Snow and Ice Damage on Plants

Snow and Ice Damage on Plants

After a heavy snow or blizzard you might see sprawling plants everywhere you look. Arborvitaes and upright yews splayed open or even plastered to the ground. Rhododendrons and rose bushes are flattened, and evergreen trees that once were upright have taken on a the shape of a weeping plant. What should a homeowner do?

If the snow is soft and can be easily shaken or brushed away, by all means do so. The plants may not become upright or regain their former shape immediately, but removing the weight of the snow will speed this process.

After some storms such as the recent nor’easter Nemo, however, the early precipitation was so wet that this froze into ice. Many plants are not only weighted down but actually frozen to the ground. In this case don’t tug on the plants or attempt to pull them up; you’re more likely to cause breakage and further damage this way.

Wait until the temperatures warm and the ice that holds plants in place has melted before shaking any remaining snow off the plants. Limbs and branches that are obviously broken or split should be removed with a clean cut by your pruners, lopers, or saw. You should not paint the cuts with any tar or other sealer.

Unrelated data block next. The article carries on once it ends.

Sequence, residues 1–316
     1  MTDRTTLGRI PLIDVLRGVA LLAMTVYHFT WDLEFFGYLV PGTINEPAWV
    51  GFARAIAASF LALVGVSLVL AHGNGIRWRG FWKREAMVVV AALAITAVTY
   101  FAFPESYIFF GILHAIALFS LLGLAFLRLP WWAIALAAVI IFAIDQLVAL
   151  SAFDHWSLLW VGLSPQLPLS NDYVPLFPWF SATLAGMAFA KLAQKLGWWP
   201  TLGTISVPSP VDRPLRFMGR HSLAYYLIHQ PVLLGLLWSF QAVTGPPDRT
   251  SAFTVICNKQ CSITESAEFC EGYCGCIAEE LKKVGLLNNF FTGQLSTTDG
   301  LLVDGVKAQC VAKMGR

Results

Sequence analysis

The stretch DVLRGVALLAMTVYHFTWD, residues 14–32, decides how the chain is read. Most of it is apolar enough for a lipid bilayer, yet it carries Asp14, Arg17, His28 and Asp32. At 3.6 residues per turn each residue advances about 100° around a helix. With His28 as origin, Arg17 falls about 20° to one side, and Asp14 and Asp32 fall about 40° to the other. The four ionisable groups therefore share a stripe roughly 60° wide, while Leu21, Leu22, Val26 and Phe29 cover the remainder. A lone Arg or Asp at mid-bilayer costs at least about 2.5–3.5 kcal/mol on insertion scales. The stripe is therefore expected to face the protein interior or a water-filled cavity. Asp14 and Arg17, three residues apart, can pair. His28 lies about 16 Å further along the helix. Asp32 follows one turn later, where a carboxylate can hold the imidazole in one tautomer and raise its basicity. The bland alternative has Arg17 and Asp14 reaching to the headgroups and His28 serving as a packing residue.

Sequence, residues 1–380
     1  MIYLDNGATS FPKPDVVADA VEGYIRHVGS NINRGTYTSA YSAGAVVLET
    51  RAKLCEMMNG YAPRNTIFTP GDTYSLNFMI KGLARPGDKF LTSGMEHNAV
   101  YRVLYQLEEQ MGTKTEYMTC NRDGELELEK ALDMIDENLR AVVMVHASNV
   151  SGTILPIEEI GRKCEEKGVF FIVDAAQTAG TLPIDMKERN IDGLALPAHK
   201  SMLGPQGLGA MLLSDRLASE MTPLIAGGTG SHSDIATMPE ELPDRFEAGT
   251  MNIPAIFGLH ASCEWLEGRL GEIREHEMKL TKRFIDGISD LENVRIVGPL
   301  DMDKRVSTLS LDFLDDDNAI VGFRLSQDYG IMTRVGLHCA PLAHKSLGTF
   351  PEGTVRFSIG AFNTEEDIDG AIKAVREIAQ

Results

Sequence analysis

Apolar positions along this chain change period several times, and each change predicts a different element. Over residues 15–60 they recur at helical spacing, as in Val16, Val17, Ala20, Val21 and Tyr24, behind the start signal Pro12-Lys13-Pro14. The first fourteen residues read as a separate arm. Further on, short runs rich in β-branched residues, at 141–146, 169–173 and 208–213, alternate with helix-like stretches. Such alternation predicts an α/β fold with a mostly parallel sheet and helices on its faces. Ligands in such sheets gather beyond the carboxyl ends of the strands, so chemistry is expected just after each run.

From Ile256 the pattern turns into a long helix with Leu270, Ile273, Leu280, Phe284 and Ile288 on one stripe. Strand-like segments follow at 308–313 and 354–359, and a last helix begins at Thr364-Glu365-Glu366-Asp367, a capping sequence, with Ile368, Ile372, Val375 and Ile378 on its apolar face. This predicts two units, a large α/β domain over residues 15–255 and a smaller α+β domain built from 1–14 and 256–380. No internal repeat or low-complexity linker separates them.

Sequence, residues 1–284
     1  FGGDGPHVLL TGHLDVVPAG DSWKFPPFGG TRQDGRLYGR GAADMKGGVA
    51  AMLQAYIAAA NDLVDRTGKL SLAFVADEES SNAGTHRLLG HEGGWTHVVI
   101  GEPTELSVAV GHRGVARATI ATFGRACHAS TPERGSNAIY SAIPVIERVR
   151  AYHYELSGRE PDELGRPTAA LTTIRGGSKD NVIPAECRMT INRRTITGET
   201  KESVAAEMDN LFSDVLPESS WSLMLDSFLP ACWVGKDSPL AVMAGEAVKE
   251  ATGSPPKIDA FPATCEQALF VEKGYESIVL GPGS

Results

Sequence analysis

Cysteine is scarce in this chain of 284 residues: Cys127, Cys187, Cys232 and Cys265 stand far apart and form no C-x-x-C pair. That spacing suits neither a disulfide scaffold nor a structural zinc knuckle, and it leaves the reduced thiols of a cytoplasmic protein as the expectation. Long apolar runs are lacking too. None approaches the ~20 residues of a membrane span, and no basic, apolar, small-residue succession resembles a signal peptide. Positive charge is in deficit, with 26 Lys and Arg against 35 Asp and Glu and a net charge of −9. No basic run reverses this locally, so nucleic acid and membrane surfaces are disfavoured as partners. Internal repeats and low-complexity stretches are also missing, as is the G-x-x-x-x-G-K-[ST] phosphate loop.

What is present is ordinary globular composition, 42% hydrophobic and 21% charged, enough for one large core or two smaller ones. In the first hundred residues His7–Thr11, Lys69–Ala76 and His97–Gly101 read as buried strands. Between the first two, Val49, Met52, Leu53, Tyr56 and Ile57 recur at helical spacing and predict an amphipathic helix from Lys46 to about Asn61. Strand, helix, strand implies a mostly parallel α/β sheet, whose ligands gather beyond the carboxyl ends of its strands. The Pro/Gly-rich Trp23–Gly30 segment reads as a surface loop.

Small branches that seem to be fine now might have small cracks that aren’t noticeable at this time. In the spring and early summer if random branches start to die back, it’s probably due to storm damage. Remove these twigs and stems as they brown or wilt.

Split tree trunks should be bolted back together immediately. If you don’t have thin bolts, nuts, and washers on hand wrap the trunks together temporarily with soft cloth strips and drill holes for bolts as soon as you can. Don’t use tape to hold the trunks together as this can pull away the bark when you remove it. Never leave branches or trunks tied with cord, rope or cloth for more than a couple months: people tend to forget about these bindings and over time they can strangle a plant.

Plants such as arborvitaes and upright yews that have been splayed out by snow and ice can be pulled upright after the ice and snow melts. Hold the stems in place for a month or two with a loose circle of stretchy plant ties or other soft material. Never tie these supports around the stems themselves: just circle trunks and knot the tie to itself. This way if you forget to remove the support for a few months it won’t do any harm.

The sprawling evergreen on the left is an upright yew, normally straight and narrow! Many people are noticing that their yews, arborvitaes and Leyland cypress are bending and frozen to the ground.

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